By Kayhan Life Staff
It has been two weeks since Iran-backed Hamas (Islamic Resistance Movement) and the Palestinian Islamic Jihad (PIJ), also known as the Islamic Jihad Movement in Palestine, launched their rocket and missile attacks against Israel.
Leaders of Hamas and the PIJ have openly thanked Tehran for its military and financial support. Meanwhile, Iran has called on its allies in the “Axis of Resistance” to continue their armed attacks against Israel.
Brigadier General Ismael Ghaani, the commander of the Islamic Revolutionary Guards Corps Qods Force (IRGC-QF), a division responsible for extraterritorial military and clandestine operations, has pledged Tehran’s support to Hamas in a telephone conversation with the organization’s leader Ismael Haniyeh.
On the same day, Akbar Velayati, an advisor to Iran’s Supreme Leader Ayatollah Ali Khamenei on international relations, was reported as telling Ziyad al-Nakhalah, the leader of the PIJ, in a phone conversation, that “God willing, we will hold a prayer soon in Qods [Jerusalem], led by the supreme leader.”
Iranian officials do not hide their support for militias that carry out military operations against the U.S. and its allies in the region, particularly Israel. Iranian state media have said that “the Third Intifada” resulted directly from Mr. Khamenei’s insistence that “resistance” and “jihad and martyrdom” should continue.
Meanwhile, most media outlets in Iran have accused Israel of undermining the recent talks held in Vienna on reviving the 2015 Joint Comprehensive Plan of Action (JCPOA), better known as the Iran nuclear deal. Even Iranian Foreign Minister Mohammad Javad Zarif believes that the administration of US President Joe Biden is following former President Donald Trump’s policy on Iran.
In comments reported by Aljazeera TV on May 3, Yaniv Voller, a senior lecturer in Middle East politics at the University of Kent, said: “As all other actors involved, Washington mainly wishes to win time, hoping by delaying Iran from acquiring nuclear weapon capability long enough, it might see a change in the regime.”
The rocket and missile attacks by Hamas against Israeli cities have transformed the so-called “shadow war” into an open war in the Middle East. The conflict has fueled unrest among Israeli Arabs. Tehran wholly and openly supports the clashes and attacks against Israel.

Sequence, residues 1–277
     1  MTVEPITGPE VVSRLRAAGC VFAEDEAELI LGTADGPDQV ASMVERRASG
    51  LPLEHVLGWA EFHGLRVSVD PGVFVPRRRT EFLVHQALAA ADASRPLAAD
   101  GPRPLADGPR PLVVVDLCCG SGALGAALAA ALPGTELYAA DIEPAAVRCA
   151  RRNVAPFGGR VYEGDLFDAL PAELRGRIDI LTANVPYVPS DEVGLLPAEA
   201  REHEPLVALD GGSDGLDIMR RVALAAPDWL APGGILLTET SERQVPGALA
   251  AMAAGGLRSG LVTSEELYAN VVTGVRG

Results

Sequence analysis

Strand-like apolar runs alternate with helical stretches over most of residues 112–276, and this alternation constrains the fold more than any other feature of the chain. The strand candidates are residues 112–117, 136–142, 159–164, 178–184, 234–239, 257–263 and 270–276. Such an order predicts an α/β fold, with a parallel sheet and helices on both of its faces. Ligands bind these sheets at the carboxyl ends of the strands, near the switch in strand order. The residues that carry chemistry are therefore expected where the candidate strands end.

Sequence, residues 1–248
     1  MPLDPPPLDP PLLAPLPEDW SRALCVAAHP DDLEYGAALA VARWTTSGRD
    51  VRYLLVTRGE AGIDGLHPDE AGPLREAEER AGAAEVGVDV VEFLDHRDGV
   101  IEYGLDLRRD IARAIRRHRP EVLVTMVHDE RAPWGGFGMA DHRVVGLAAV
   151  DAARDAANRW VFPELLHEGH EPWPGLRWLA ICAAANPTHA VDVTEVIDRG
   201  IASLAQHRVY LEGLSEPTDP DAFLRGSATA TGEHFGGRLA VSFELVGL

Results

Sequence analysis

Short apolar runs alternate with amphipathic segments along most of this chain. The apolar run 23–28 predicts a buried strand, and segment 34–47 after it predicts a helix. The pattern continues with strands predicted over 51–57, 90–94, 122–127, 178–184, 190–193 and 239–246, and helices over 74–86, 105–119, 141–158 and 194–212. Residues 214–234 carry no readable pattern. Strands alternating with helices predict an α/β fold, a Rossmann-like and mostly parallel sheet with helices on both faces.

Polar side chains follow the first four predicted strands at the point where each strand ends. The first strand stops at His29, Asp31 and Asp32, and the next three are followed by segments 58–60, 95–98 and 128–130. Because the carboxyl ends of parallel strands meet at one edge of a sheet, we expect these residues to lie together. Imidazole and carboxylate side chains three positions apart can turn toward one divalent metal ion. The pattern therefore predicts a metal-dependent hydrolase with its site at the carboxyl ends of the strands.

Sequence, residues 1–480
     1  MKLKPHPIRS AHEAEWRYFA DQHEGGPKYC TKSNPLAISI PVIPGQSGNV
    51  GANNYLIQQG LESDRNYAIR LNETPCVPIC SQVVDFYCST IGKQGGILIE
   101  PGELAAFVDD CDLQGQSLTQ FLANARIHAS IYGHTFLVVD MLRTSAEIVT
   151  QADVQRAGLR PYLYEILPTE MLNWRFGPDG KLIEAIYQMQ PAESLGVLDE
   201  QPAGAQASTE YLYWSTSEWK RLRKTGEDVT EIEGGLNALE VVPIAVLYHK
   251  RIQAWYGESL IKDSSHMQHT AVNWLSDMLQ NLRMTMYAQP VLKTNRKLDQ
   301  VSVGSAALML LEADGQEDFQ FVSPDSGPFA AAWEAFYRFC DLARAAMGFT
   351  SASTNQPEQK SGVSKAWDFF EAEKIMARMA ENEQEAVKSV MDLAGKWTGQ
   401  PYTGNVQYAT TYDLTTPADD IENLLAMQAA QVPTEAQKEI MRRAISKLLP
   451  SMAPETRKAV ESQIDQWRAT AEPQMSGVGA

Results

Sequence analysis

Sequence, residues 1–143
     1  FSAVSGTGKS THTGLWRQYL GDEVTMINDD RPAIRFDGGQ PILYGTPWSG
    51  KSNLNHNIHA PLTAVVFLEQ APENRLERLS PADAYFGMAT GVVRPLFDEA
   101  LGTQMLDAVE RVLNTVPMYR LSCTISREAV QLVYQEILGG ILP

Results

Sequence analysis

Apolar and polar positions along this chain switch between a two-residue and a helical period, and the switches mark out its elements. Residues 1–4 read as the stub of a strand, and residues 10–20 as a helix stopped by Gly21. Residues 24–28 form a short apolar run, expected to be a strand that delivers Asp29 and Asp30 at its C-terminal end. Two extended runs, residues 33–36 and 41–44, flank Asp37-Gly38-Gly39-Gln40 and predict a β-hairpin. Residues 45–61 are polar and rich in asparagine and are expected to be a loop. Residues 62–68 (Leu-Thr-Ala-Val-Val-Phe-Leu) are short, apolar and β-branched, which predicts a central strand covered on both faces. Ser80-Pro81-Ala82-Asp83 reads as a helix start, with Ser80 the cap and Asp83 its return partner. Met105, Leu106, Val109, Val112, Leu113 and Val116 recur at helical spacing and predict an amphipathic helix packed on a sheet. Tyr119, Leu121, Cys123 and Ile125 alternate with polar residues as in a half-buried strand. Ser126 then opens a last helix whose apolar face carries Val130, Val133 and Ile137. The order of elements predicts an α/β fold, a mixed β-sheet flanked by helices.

The attacks by Iran-backed paramilitary groups against Israel have affected the talks on reviving the JCPOA in Vienna. There has been increasing pressure on the administration of US President Joe Biden in recent days to stop the indirect negotiations with Iran in Vienna.
Many in political circles wonder if Iran would get directly involved in the war between Israel and the Palestinians. They also wonder if Israel would retaliate militarily against Iran for its blatant support for Hamas and the PIJ.
In an interview with the Tehran-based Khabar Online news website on May 17, Javid Ghorban-Oghli, Iran’s former ambassador to Algeria, said it was unlikely that Iran would get involved in the war directly.
“There is no need for that currently because any military action would endanger the ongoing JCPOA negotiations,” Mr. Ghorban-Oghli noted. “Iran needs the support for resistance, but there is no need to make much noise about it.”
Ghorban-Oghli believes that Israeli Prime Minister Benjamin Netanyahu has “plotted a plan” aimed at provoking Iran into a hasty reaction, which, in his view, would prompt the U.S. and European governments to halt the Vienna talks and refuse to lift the sanctions.
In a letter dated May 12, 44 U.S. senators urged President Joe Biden to halt the ongoing talks with Iran in Vienna.
“We call on you to end negotiations with Iran immediately and clarify that sanctions relief will not be provided. Doing so would show a firm commitment to our closest ally in the region and our security interests,” the letter said.
However, U.S. Secretary of State Anthony Blinken has said that “the talks will not stop.”
There are also disagreements among the Democrats in the House and the Senate, who have traditionally defended the Palestinians’ rights.
In an editorial titled “Gazing Toward Zion,” the weekly Economists said: “America’s Democrats are increasingly divided over Israel.”
In comments reported by the New York Times on May 15, Representative Ted Deutch, a Democrat from Florida, said: “Please do not be fooled by false choices: Israel or Hamas. If I am asked to choose between a terrorist organization and our democratic ally, I will stand with Israel.”
In the past week, President Biden has, at least on two occasions, said that Israel had the right to defend itself. His comments have infuriated some people in the left-wing of the Democratic party.
Many political observers believe Iran is hoping to strengthen its position in the Vienna talks by supporting Hamas and the PIJ in their attacks against Israel. However, the consequences of the war could be detrimental to Tehran.
It is also unclear whether Iran hopes to score a point with the West in the Vienna talks by provoking the recent attacks against Israel or pause the negotiations altogether until a new government takes power in Tehran after the presidential election in June.